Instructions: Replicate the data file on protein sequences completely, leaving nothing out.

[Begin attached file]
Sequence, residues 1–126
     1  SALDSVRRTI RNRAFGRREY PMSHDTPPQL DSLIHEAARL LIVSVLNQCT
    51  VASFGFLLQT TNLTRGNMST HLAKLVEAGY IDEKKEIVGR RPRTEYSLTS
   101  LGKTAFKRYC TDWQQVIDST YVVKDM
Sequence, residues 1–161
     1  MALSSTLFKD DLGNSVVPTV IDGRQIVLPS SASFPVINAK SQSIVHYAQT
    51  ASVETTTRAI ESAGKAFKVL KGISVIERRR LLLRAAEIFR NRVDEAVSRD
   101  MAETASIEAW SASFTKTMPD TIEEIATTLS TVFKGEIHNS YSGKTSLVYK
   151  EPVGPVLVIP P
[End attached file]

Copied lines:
Sequence, residues 1–126
     1  SALDSVRRTI RNRAFGRREY PMSHDTPPQL DSLIHEAARL LIVSVLNQCT
    51  VASFGFLLQT TNLTRGNMST HLAKLVEAGY IDEKKEIVGR RPRTEYSLTS
   101  LGKTAFKRYC TDWQQVIDST YVVKDM
Sequence, residues 1–161
     1  MALSSTLFKD DLGNSVVPTV IDGRQIVLPS SASFPVINAK SQSIVHYAQT
    51  ASVETTTRAI ESAGKAFKVL KGISVIERRR LLLRAAEIFR NRVDEAVSRD
   101  MAETASIEAW SASFTKTMPD TIEEIATTLS TVFKGEIHNS YSGKTSLVYK
   151  EPVGPVLVIP P